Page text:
Mice with channelrhodopsin expressed and ferrules implanted were trained on our negative incentive-learning task. We used a modified negative incentive learning task to reduce subject loss and increase response rates. Mice were chronically food restricted to 90% of their baseline free-feeding weights throughout lever-press training. Following acquisition, mice were assigned to one of two groups that were matched for acquisition response rates. The evening before the re-exposure session, mice were given access to ad libitum food in their home-cage for their dark cycle. During the subsequent re-exposure session, our experimental group (ChR2) had light delivery paired with the first lick following sucrose delivery in the re-exposure session (Figure 5D). Each ChR2 mouse had a Yoked control mouse (matched for response rates during acquisition), whose light delivery was yoked to the ChR2 mice and independent of any behavior exhibited by the Yoked mouse. Thus, we had two groups with different conditions of light delivery; for one group light delivery was tied to the direct sucrose consumption experience and the other light was delivered randomly throughout the session.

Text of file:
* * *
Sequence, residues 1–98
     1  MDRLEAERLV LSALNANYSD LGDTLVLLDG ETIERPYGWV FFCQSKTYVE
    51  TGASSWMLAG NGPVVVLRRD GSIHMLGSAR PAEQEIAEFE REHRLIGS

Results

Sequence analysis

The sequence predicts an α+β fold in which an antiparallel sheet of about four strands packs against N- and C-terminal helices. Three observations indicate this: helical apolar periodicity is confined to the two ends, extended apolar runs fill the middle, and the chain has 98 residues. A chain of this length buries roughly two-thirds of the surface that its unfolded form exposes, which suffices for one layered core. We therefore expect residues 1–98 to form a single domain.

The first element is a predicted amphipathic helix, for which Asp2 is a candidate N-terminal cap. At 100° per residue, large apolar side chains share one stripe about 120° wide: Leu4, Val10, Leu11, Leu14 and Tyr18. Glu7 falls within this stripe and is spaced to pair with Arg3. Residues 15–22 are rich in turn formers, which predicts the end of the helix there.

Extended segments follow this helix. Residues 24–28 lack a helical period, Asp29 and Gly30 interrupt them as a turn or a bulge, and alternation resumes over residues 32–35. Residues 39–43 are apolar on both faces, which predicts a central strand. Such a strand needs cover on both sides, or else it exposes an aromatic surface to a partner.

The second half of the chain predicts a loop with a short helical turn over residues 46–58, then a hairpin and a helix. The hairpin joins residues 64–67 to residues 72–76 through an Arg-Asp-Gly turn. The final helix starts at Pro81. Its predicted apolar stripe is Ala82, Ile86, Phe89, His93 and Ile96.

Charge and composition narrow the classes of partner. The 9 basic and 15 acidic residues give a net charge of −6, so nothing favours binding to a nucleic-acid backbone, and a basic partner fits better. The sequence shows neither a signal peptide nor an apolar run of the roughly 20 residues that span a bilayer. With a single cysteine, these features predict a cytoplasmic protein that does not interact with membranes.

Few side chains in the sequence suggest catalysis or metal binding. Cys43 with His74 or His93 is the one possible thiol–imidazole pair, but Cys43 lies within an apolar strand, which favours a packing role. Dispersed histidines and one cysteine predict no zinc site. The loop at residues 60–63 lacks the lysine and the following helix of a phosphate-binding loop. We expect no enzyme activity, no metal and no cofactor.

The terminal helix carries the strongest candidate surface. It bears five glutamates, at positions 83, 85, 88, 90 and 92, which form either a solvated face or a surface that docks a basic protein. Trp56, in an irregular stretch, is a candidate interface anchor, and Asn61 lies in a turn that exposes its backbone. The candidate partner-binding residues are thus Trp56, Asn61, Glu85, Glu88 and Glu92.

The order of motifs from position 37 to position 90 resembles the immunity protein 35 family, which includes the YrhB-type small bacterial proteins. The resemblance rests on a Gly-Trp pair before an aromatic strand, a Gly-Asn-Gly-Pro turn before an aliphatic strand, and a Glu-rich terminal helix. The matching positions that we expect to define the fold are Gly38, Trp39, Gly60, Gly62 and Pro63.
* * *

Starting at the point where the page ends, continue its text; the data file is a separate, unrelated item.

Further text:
Light delivery and the subsequent inhibition of OFC projection neurons had little effect on anticipatory and consummatory licking behaviors exhibited across the re-exposure session. While it appeared ChR2 mice made fewer licks overall than Yoked mice, it was not significant (unpaired t-test: t16 = 1.54, p=0.14) (Figure 5E). When we looked at the licking rate across the session, we did see an interaction (2-way repeated measures ANOVA (Treatment x Time): F(5, 80)=2.54, p=0.035) and a main effect of Time (F(5, 80)=3.52, p=0.006) but not of Treatment (p=0.14) (Figure 5F), suggesting that ChR2 mice may have a different pattern of licking across the session. However, there were no group differences in other lick measures as assessed through paired comparisons. There were no differences seen in the latency to make the first lick within the session (p=0.89), the organization of licks into bursts (p=0.36), the duration of bursts (p=0.18), the average licks within a burst (p=0.09), or the inter-lick interval within a burst (p=0.75) (Figure 5G–K). When we evaluated consumption licking behavior (i.e. after an outcome delivery), we did see an effect of light delivery on the duration of the licking burst (unpaired t-test: t16 = 2.211, p=0.041) (Figure 5L). However, we saw no difference in the number of licks in a burst (p=0.07) following outcome delivery (Figure 5M). Our data suggests that light delivery during sucrose consumption did not grossly alter licking behavior in comparison to our yoked controls. It appears OFC inhibition during consumption leaves sucrose palatability largely intact.